Alright, so why would anyone participate?  Tsk, I’d hope that just the love of the blogging game would be enough, but in case it’s not, recall that I said this effort would be a link collection blog at its core.  So (new) bloggers would sign up and, by signing up, they’d immediately be added to the Adventures in Blogging blogroll (I’m giving this link collection blog the lame operating name “Adventures in Blogging” because if I don’t call it something, I think this is about to get pretty confusing).  But beyond that, there would also be a page where the bloggers were ranked in order of achievements, so readers of Adventures in Blogging would be encouraged to check out the creative bloggers who’d managed to notch the most achievements.  I could even see a feature for “editor’s picks” or some such thing.

Why would anyone read this?  Well, as a vehicle to discover to discover interesting new voices for one.  I’d also assume that the contributing bloggers would be sizing up their competition, so to speak.  And, finally, I’d imagine that this blog would also mix in posts that were tips and tricks for new bloggers.  Of course, there may be other reasons as well (or not, I have no idea if this would take off, but it’s an easy experiment to run).

Nuts & Bolts

This would definitely require some effort, and that’s the part I really don’t have time for.  Here are some non-trivial things I can see being needed.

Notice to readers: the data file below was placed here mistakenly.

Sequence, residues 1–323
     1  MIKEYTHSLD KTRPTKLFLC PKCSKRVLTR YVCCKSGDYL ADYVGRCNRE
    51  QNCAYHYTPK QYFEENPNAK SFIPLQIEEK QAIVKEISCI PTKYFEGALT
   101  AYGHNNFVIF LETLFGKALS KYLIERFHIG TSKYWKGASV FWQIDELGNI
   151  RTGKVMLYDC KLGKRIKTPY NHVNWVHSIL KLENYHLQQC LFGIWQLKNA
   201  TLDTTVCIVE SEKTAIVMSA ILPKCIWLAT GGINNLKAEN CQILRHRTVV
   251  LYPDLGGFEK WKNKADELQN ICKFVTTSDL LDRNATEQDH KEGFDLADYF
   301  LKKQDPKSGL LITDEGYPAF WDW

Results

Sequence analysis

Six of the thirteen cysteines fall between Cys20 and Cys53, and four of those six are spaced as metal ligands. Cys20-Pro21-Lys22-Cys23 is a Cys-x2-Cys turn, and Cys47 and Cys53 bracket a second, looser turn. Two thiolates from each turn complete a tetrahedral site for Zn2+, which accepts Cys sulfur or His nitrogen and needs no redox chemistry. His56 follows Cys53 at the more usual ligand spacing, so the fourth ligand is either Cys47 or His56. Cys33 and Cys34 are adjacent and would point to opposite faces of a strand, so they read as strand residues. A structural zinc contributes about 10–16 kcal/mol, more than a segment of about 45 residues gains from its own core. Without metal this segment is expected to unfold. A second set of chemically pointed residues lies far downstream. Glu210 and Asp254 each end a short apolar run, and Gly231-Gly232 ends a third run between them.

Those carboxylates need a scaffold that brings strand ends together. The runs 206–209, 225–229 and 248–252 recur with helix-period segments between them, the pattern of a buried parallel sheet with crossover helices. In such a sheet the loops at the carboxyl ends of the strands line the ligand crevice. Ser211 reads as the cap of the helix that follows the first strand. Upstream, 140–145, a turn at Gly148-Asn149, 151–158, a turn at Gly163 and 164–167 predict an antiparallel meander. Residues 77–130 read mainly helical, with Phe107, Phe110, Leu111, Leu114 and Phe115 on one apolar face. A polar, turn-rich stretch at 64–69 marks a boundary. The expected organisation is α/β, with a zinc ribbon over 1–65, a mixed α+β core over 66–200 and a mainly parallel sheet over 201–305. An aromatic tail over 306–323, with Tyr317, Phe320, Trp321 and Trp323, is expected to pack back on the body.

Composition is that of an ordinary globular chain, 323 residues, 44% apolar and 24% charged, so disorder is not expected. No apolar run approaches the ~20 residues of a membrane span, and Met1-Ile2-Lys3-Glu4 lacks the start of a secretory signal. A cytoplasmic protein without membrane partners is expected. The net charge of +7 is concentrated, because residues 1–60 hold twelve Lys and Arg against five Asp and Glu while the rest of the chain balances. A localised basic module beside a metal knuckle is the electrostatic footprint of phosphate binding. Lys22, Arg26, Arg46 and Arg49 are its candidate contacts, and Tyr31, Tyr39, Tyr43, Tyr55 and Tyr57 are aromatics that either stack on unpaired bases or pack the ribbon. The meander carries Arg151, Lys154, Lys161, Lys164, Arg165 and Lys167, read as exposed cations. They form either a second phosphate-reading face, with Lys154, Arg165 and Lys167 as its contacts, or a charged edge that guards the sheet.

• Coming up with the initial list and then curating the list of achievements.
  • Writing advice posts on the subject of blogging.
  • Adding submitters to the blogroll (and probably automating this, eventually)
  • Evaluating people/blogs who submit achievement completions.
  • Recruiting people to participate.

There’s probably a good bit more that I’m not thinking of.  But I think it could be a lot of fun and a good way to get your name out there a bit.  A lot of people tend to subscribe to link curation blogs, so you could certainly grow yourself an audience.  And I’d definitely be interested in partnering up with you in whatever capacity I had time for (might honestly be as little as writing the occasional post with blogging tips).

So, anyone who is interested, let me know or even just go out and make it happen.  Looking forward to seeing/hearing if anyone runs with this.

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Geoff Mazeroff
Guest

That’s a neat idea to gamify content creation, getting people thinking about outcomes rather then the multitude of variations for the steps to achieve those outcomes.

The link aggregation posts offer some easy wins — you get in the habit of sharing things you’ve learned, it’s really easy to get on a schedule (to let readers know your blog is active), and if you don’t already have a habit of learning on the side (i.e., professional development) making such posts can build that habit.

Erik Dietrich
Guest

Thanks for the feedback. It’s good to know that if I’m crazy, at least someone else is crazy with me 🙂

I think most appealing thing to me is that it’s a fairly easy experiment to run, so even if it’s not an ultimately workable idea, that can be discovered with minimal cost in terms of time and effort and certainly in terms of money.

bla
Guest
bla

Hello, Great post, good point about writing foibles. In part a bit too technical for me. Could you please explain “syntax highlighting scheme?

Erik Dietrich
Guest

Thanks for the feedback! Syntax highlighting scheme refers to how you display code in the programming sense of the word. The black background sections in this post are an example: https://www.daedtech.com/what-story-does-your-code-tell